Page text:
Generate trust by maximizing transparency. Because serious mistakes on regulatory projects can have ruinous consequences for individual employees, board members, and organizations as a whole, building a culture of trust and transparency is extremely important. This process starts with board members, who must understand why and how agile is used in regulatory projects and fully support the approach. It also requires trust among employees, who may be accustomed to managing a discrete portion of a project and now must work collaboratively to resolve challenges, bypass roadblocks, and take responsibility for the entire project. Finally, it requires trust across units, so teams can work collaboratively toward the same overarching goal without fear that other units will pass the buck. Teams must provide full visibility into project status, including milestones, backlog size, delivery schedule, and key obstacles. Developing a series of shared goals is also helpful, to ensure that everyone is moving in the same direction.

Would Your Regulatory Projects Benefit from Agile Methods?

Numerous conditions may suggest that a bank’s regulatory projects would benefit from agile methods:

  • The regulatory requirements are not viewed as stable and will likely change over time.
  • The bank has a limited track record of successfully deploying complex, cross-functional projects that touch multiple systems and platforms.
  • Some key stakeholders doubt that the organization can successfully deliver projects with the current delivery model or fear that regulatory projects will have a negative impact on other important projects in the pipeline.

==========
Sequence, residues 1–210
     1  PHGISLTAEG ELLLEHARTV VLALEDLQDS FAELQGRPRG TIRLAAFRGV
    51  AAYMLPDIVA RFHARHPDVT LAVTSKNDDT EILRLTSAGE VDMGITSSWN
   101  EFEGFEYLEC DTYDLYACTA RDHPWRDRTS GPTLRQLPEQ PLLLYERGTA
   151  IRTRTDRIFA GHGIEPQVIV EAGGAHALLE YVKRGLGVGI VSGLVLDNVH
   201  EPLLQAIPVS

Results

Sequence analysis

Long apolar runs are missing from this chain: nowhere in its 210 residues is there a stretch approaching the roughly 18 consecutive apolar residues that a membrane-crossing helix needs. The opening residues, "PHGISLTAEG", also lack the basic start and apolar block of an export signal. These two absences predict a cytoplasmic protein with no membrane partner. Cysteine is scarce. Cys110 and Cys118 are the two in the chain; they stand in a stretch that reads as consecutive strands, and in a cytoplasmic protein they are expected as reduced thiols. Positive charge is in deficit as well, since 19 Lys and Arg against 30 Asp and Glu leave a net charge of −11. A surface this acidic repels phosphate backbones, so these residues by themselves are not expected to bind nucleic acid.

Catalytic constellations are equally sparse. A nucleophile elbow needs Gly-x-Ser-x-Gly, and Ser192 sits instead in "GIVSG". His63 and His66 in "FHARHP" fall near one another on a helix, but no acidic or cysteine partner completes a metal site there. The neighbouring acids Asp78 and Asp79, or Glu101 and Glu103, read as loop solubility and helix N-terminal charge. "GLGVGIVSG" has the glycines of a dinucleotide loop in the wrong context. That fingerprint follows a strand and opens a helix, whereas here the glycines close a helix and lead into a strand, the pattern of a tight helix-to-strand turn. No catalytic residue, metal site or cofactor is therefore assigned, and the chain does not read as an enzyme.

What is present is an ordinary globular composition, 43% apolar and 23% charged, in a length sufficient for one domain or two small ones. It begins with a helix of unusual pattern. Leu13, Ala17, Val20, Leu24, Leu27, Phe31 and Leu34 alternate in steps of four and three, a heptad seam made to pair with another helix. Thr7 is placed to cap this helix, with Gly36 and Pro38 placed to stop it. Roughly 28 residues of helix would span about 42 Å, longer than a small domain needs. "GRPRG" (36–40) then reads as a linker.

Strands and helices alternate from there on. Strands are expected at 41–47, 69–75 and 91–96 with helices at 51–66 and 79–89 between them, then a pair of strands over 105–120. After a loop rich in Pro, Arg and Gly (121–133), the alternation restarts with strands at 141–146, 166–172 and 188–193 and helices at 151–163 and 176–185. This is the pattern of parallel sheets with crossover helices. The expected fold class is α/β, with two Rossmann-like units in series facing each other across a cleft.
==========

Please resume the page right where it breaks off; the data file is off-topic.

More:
• Although the bank has developed an extensive and detailed list of functional and nonfunctional requirements, most are stuck in the concept development phase.
  • The organization has never successfully delivered an end-to-end functional requirement related to regulatory demands.
  • The underlying IT architecture is modular enough to allow for partially independent releases in certain applications.
  • The organization has had at least one successful experience working with agile, and senior leaders are willing to embrace a new model.

This is not intended to serve as a checklist—but rather to present a variety of conditions where agile is ideally suited to help organizations surmount obstacles and achieve success.

Regulatory requirements inevitably evolve, and banks need the flexibility to respond effectively; otherwise, they may waste an enormous amount of resources. Organizations with a positive track record of delivering complex projects via traditional regulatory compliance methods may not need agile. But for the majority of banks that are struggling to implement regulatory projects on time and under budget, agile offers extraordinary benefits.